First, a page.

In a statement, he said “Renewable energy is a key part of keeping America competitive, creating jobs and winning the future for our children.”
“…We have a responsibility to ensure that solar, wind and geothermal projects are built in the right way and in the right places so they protect our natural and cultural resources and balance the needs of our wildlife.”
But Sall and other environmentalists criticized Washington for seeking large-scale, or “utility-sized,” projects.
Solar and wind projects can be small enough to power a single home or medium-sized to power a factory or a large commercial business. Utility-size is on the scale of coal, gas or nuclear generating power plants that can light a whole city.
“This (the desert) is a very fragile ecosystem,” Sall said. “It takes hundreds of years to recover from what they will have to go through.”
“Washington needs to step back and come up with a new program. There is a solution, a kind of win-win, but it’s not in their plans.”
She called it mid-scale vs. utility scale, something the BLM, so far, has been unwilling to consider. In her words, mid-scale would be 500- to 2,500-acre sites that have already been disturbed for other purposes. The animals on those spots have already suffered or been driven away.
Sall said 200,000 acres of such land has already been found, that the owners are willing sellers “and it’s right on the transmission lines.”
Alternative energy developers don’t see themselves as the villains in this scenario.
Developers “don’t want to pave the desert,” said Shannon Eddy, a spokeswoman for the Large-Scale Solar Association, a solar energy trade group.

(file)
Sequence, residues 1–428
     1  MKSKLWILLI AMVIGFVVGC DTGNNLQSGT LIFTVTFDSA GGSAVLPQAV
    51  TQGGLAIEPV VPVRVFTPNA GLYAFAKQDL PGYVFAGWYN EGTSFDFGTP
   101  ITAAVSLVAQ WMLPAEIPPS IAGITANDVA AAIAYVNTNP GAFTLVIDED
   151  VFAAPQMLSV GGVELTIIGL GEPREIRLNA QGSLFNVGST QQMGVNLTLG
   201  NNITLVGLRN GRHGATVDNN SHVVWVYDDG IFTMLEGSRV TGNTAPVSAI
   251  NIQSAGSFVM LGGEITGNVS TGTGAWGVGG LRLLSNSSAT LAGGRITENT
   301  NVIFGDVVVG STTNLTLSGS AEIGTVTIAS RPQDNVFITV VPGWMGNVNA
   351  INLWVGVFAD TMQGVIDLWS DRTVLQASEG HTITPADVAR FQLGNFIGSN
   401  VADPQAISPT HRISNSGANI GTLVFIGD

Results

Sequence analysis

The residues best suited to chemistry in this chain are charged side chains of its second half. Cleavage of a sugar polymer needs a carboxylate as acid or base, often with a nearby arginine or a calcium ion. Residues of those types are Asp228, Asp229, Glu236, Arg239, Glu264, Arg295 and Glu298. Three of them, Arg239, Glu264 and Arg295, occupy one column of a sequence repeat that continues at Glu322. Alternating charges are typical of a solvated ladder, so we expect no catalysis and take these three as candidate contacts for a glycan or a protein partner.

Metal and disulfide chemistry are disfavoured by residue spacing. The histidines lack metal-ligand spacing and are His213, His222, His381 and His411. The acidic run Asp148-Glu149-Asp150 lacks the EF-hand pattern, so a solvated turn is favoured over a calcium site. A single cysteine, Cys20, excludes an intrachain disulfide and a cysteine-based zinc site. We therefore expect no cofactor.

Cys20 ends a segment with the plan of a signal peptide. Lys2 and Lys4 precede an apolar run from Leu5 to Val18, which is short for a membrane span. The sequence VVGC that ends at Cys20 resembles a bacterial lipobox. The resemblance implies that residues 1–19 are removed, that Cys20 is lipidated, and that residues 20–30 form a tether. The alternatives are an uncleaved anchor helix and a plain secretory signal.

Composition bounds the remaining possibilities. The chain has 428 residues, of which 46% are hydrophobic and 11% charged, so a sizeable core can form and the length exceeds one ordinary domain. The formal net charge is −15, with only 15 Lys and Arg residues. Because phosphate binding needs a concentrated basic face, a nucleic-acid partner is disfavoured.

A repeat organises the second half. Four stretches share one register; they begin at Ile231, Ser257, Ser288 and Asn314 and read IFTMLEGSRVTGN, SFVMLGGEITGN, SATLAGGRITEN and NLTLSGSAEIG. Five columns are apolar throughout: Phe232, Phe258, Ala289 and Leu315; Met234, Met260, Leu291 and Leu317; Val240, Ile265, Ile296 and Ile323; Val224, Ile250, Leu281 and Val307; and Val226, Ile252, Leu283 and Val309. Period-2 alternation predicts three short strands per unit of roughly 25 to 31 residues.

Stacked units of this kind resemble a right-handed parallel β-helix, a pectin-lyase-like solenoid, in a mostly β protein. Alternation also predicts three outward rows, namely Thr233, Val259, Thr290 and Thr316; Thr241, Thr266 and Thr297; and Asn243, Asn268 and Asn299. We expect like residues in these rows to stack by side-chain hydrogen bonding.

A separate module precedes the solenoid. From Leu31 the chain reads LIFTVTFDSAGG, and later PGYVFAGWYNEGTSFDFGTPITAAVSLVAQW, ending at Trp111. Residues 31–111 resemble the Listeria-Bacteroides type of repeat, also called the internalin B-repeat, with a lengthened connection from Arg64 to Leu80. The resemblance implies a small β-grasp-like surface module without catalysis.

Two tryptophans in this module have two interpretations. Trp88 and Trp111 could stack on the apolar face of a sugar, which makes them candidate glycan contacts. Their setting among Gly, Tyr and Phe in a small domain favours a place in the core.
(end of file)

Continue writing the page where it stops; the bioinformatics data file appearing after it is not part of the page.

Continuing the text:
“These guys are risk-averse. They want the same consideration as everyone else. We have shared goals (with environmentalists).”
Nancy Rader, executive director of the California Wind Energy Association, another trade group, pointed to the need for renewable energy sources.
“We have to have nearly a third of our energy from renewable sources by 2020 in a way that is affordable,” she said, “and we are not going to meet those goals from rooftop solar.
“There’s a lot of land (in the Southern California desert) where there would be relatively low impact (from wind farms),” Rader said. “We’ve spent millions on environmental studies.”
Ileene Anderson, public lands deserts director for the Center for Biological Diversity, said her organization supports renewable energy programs.
“It’s important and we need it and there are suitable places,” she said.
She too would like to see solar and wind farms on disturbed land.
“We would also see the benefits of taxes for local governments,” Anderson said.
When developers build on private land, they pay taxes on that land, the transmission lines and the generating equipment just as any other property owner would on land and improvements, whether commercial or individual, she said. On federal lands, any fees paid by the developer go to the U.S. Treasury.
Sall wants the federal government to switch gears on its approach to solar and wind energy projects.
“We need to get on a new path,” she said.”We need direction and it needs to come from Washington. They set the bar from the consumers standpoint, the environmental standpoint and the industry standpoint.”